Tränenpalast – Border Crossing – East Germany

The Tränenpalast (English: “Palace of Tears”) is the Berlin colloquialism for the former border crossing at Berlin Friedrichstraße station, where East Germans said goodbye to visitors going back to West Germany. From 1962 to 1989 it was the border crossing for travellers by S-bahn, U-bahn and train between East and West Germany. It was used only for westbound border crossings, with separate checkpoints for West Berliners, West Germans, foreigners, diplomats, transit travellers and East Germans.

The term Tränenpalast derives from the tearful goodbyes that took place in front of the building, where western visitors had to say farewell to East Germans that were not permitted to travel to West Berlin.

Although the Berlin Friedrichstraße station was located entirely in the Soviet sector of Berlin, because of the Berlin Wall some S-bahn and U-bahn lines were accessible only from West Berlin. West Berlin travellers could use the station to transfer between those lines, or to cross into East Germany. The Tränenpalast was built after the volume of traffic and the constraints of the lower level of the main building made it necessary to expand.

After the fall of the Berlin Wall, the building was used as a nightclub and stage until 2006. It has been a listed building since 2003, a unique symbol of the diverse fates of people on both sides of the border during the German separation. Whether arriving in or leaving East Berlin, travellers came to expect harsh, stressful encounters with border guards. Friends and families never knew if they would see each other again.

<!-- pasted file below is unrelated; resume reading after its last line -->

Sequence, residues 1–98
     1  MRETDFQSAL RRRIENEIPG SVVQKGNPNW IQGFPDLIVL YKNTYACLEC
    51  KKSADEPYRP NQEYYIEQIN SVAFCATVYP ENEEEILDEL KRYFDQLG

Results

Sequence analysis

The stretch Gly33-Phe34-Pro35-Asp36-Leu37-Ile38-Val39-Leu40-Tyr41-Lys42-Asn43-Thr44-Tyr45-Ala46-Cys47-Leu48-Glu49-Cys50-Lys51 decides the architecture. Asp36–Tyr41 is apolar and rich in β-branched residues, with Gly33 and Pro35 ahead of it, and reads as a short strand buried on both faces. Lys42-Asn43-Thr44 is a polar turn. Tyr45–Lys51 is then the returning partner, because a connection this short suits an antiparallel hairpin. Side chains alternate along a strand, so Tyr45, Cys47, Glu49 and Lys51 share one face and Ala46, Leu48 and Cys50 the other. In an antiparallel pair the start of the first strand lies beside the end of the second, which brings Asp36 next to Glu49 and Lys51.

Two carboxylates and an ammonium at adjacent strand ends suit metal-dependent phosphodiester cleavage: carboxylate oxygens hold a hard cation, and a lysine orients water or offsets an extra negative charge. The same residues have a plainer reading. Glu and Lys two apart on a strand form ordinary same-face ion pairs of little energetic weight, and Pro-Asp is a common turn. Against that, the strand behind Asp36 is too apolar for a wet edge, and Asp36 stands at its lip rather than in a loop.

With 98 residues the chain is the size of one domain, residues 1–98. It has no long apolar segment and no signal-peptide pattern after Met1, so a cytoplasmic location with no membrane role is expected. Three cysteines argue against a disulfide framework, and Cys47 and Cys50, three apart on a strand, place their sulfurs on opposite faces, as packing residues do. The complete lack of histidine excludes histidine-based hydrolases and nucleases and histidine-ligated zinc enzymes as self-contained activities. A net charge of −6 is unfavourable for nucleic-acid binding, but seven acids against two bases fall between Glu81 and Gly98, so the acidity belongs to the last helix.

In 2008 the Tränenpalast was included in the expanded federal memorial site concept. On 15 September 2011, the Stiftung Haus der Geschichte opened a permanent exhibition to remind visitors of the consequences and daily restrictions due to the German separation. On 550 square metres, original artefacts, documents, photographs and audio and video recordings show the experiences at the checkpoint and give an overview of the reunification process.

It was opened by Chancellor Merkel on 14 September 2011. In the first two weeks more than 30,000 people visited Tränenpalast; entrance is free.

I visited Tränenpalast in 2012 and can give you herewith an glimpse of the exhibition. If you are in Berlin I highly recommend to visit this place. The  exhibitions displays also the East German passport of Wolf Biermann, German singer-songwriter and former East German dissident. He is perhaps best known for the 1968 song “Ermutigung” and his expatriation from East Germany in 1976.

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